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Human intelligence has long been investigated by scientists because it is a psychological factor of paramount relevance for understanding human behavior. This chapter addresses the nature of human intelligence: • Why intelligence is conceived as a very general mental ability for reasoning, planning, solving problems, thinking abstractly, comprehending complex ideas, and learning. • General intelligence (g) is the integrative factor underlying disparate psychological factors. • Why are some people smarter than others? • How the intelligence factor should be studied from different, albeit related, perspectives (psychometric, cognitive, biological). • Why psychological differences in general cannot be fully understood ignoring the core status of human intelligence.
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This chapter explores whether males and females differ in general intelligence, g. It argues that both, total summed IQ scores of intelligence in general, and the Principal Component or Principal Factor analytic g scores of general intelligence g might, under certain methodological circumstances, represent a slightly contaminated proxy for the latent variable g. Were that the case, methodological shortcomings would overshadow a potentially small sex difference in g. A six-point scale for evaluating sex difference studies in term of adequacy of methodology was therefore developed and applied to a number of selected studies-some of them reporting a sex difference, some not. Studies earning less than 5 points run, according to the chosen scale cut-off point an unacceptable high risk of committing either a type I or type II error. The literature review indicates that only two contemporary studies earn five or more points, and thus satisfy the quality demand. Both studies used the Schmid-Leiman hierarchical factor analytic approach, both factored in the relevant point-biserial correlations, and both studies found a significant male lead in general intelligence g. Finally, the chapter demonstrates that a simple tape measure of head circumference correlates significantly with g, and that brain size under-predicts the sex difference in g by about 1.1 IQ point.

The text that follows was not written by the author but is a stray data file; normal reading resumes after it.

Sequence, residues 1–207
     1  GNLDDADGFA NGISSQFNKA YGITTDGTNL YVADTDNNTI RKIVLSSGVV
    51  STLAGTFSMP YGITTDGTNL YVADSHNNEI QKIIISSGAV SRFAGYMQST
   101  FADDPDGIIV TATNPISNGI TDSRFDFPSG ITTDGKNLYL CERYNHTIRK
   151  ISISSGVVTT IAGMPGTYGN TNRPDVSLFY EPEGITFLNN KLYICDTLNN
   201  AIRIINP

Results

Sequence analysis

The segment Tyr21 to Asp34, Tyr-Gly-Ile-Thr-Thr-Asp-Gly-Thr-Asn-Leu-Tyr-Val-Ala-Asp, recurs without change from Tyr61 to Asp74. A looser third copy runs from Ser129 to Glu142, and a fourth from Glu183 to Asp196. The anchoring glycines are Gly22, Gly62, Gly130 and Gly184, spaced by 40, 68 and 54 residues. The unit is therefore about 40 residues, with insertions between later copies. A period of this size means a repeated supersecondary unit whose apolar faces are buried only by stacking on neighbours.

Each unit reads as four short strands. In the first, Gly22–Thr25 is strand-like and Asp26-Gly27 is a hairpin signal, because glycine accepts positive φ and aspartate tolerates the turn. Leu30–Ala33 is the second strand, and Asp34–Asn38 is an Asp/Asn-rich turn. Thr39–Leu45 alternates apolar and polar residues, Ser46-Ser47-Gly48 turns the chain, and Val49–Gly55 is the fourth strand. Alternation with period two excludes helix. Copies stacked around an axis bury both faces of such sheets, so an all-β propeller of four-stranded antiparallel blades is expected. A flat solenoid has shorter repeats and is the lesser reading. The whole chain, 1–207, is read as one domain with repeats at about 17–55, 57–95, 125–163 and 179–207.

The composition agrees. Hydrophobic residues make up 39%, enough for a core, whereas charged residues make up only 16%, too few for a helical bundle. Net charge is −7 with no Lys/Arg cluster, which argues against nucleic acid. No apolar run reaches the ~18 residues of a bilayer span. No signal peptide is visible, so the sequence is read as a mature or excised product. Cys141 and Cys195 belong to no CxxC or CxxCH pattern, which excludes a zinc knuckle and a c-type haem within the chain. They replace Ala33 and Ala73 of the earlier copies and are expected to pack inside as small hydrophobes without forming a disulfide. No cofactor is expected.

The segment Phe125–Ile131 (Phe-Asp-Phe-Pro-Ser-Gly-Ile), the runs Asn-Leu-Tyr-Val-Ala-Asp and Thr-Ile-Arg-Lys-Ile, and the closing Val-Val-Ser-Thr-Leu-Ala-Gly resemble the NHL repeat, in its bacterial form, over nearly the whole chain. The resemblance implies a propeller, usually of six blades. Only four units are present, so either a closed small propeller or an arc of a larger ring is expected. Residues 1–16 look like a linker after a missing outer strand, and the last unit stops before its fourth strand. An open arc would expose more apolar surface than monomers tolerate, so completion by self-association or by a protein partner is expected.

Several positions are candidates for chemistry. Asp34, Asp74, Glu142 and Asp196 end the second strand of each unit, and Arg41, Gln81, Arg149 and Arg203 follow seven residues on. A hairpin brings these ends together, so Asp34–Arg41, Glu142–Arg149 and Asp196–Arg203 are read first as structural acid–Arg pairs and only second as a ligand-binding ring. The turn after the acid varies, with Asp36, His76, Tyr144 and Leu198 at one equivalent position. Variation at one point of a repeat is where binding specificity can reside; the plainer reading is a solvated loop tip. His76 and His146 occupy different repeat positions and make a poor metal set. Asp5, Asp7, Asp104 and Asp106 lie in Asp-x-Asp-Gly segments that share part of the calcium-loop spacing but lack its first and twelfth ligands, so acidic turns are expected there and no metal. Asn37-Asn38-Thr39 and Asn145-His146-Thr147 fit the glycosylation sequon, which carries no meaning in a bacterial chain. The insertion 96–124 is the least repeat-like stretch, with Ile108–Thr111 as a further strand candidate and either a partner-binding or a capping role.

Article
The purpose of this study is to replicate recent findings demonstrating that the dysgenic fertility trend is a Jensen effect. Data were drawn from Project TALENT. Present analyses included data from a total sample of 79,734 participants with complete data regarding number of biological children at the 11 year follow up, and analyses were further split by sex and race to examine possible differential trends among subgroups. Correlated vectors analyses revealed strong Jensen effects such that subtests with higher g-saturation were associated with larger dysgenic fertility gradients. This effect was evident in the total sample, and within all race/gender subgroups except for Asian males. Such findings yield further confirmation that g is in fact the principal factor by which the dysgenic fertility gradient operates.
Article